As we've all heard, a devastating and destructive earthquake rattled the Haitian capital of Port-au-Prince this evening.
Haiti, which occupies the western one-third of the island of Hispaniola (the Dominican Republic occupies the eastern two-thirds), is considered one of the poorest countries in the Americas and is hardly able to withstand a severe magnitude 7.0 earthquake like the one that struck the region tonight.
Experts are saying that because of the earthquake's proximity to the capital, and because the city is densely populated and has poorly constructed housing (nearly 80 percent of the country lives below the poverty line), it could cause significant damage and casualties. Situated in the heart of hurricane alley, this is something that Haiti is unfortunately no stranger to.
In 1994 Hurricane Gordon tore through the nation causing major damage and killing more than 1,000 people. Four years later in 1998 Hurricane Georges, on it's path towards the Gulf of Mexico, passed through Haiti killing more than 400 people and destroyed the majority of the country's crops.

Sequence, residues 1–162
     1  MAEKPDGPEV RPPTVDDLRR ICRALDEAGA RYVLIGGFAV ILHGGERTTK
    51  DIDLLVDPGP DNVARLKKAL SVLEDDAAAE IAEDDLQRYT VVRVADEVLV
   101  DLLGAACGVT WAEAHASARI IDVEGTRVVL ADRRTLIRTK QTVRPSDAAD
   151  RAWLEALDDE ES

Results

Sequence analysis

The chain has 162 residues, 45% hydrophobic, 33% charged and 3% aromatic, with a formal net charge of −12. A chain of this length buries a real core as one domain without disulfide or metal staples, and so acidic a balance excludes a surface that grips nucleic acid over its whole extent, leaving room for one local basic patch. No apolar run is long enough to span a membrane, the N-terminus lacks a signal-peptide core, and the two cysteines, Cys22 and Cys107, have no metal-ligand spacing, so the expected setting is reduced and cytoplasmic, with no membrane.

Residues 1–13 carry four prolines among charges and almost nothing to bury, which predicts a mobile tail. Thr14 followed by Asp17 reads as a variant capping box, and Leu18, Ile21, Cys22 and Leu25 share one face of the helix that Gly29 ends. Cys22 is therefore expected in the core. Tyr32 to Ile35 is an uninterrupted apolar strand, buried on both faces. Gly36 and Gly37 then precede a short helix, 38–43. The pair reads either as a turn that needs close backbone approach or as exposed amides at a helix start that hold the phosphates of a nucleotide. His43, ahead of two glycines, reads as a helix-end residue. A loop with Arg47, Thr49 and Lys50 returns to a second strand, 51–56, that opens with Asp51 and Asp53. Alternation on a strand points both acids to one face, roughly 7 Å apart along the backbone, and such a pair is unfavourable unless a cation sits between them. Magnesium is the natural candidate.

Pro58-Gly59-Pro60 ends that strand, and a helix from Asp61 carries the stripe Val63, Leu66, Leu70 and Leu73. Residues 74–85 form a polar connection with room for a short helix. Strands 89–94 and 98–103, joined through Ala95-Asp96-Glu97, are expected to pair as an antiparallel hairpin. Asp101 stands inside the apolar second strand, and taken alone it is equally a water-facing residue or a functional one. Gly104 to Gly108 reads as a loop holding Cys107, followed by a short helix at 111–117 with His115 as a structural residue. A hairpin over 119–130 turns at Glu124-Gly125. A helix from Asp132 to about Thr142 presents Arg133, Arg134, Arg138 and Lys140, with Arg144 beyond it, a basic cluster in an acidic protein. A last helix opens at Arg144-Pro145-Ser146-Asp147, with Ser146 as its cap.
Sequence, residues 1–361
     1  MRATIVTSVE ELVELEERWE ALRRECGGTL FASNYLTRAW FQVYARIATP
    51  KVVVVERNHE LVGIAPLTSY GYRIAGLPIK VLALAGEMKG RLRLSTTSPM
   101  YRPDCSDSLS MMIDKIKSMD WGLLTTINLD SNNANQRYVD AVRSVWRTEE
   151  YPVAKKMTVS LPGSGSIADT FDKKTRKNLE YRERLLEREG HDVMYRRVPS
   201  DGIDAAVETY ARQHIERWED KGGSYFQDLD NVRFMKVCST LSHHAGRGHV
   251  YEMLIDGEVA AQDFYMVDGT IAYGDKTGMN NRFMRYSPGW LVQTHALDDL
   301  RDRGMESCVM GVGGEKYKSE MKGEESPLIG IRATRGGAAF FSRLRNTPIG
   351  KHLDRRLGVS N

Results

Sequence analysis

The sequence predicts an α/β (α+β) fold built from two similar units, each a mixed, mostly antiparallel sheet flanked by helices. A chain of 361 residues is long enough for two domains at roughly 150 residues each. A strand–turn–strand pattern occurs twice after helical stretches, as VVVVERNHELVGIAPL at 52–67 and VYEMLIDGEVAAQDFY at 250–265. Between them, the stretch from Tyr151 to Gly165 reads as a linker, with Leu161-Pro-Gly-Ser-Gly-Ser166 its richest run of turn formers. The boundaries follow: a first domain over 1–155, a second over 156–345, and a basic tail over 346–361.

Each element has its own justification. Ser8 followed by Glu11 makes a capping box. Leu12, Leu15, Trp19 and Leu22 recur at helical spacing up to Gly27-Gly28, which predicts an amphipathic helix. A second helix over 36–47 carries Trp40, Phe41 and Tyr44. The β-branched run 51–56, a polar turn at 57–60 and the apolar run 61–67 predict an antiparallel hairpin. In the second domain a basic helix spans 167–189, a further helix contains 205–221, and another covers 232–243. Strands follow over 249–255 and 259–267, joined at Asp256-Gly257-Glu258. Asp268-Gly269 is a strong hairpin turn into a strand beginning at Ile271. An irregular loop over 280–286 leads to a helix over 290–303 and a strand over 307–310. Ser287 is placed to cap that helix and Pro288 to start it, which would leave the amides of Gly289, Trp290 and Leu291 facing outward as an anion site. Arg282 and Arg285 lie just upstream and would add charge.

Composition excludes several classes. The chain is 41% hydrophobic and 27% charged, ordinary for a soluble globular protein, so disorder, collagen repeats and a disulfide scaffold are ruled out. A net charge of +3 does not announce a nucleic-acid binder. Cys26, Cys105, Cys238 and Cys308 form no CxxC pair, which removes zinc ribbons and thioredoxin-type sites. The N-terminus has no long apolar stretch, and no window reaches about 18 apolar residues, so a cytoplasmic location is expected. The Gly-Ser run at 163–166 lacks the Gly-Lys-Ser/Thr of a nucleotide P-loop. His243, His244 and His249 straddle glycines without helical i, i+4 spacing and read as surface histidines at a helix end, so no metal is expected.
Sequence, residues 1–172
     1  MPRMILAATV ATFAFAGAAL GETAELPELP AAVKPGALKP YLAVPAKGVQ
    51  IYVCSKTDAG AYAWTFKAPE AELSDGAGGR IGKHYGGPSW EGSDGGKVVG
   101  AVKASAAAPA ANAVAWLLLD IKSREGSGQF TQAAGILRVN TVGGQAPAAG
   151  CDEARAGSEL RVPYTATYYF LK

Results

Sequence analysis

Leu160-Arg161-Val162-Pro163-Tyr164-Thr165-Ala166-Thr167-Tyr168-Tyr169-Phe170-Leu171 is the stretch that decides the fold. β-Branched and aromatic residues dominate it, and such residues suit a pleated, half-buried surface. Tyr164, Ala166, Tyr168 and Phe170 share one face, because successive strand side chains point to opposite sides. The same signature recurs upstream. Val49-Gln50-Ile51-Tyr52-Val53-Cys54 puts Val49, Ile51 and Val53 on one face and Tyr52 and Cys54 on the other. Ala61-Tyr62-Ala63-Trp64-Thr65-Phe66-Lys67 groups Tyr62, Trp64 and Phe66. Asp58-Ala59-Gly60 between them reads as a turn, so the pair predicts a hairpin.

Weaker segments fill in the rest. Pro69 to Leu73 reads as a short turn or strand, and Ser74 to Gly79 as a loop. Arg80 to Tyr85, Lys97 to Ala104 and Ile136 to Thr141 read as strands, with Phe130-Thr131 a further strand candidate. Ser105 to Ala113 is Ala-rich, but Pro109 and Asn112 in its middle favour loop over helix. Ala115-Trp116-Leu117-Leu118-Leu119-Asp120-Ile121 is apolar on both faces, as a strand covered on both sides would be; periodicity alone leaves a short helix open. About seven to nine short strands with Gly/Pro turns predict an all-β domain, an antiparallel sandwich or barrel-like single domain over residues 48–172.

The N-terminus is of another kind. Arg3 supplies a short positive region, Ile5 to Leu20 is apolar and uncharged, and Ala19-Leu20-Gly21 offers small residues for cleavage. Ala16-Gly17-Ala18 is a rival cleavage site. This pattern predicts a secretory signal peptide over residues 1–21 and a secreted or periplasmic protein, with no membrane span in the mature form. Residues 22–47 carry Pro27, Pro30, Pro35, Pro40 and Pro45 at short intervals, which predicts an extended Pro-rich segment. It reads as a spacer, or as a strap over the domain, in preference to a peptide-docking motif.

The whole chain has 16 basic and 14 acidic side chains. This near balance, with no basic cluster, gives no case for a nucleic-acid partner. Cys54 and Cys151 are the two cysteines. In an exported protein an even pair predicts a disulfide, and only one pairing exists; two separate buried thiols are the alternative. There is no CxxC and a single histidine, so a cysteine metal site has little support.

More recently during the epic hurricane season of 2004, heavy rains from Hurricane Jeanne, which did not even landfall on the island of Hispaniola, caused landslides and flooding that killed more than 3,000 people. Last year (i.e. Hurricane Season 2008) Haiti was hit heavily again, when four tropical systems passed through: Tropical Storm Fay, Major Hurricane Gustav, Hurricane Hanna and Major Hurricane Ike.
Despite the recent cyclonic blows by Mother Nature to the already ravished Caribbean island, it appears likely that, in terms of damage and death toll combined, the January 12, 2010 7.0 earthquake will go down as Haiti's costliest natural disaster.
As daylight shows it gloomy face tomorrow morning, the picture will become much clearer as to just how bad things are. Stay tuned to major news outlets for this developing story.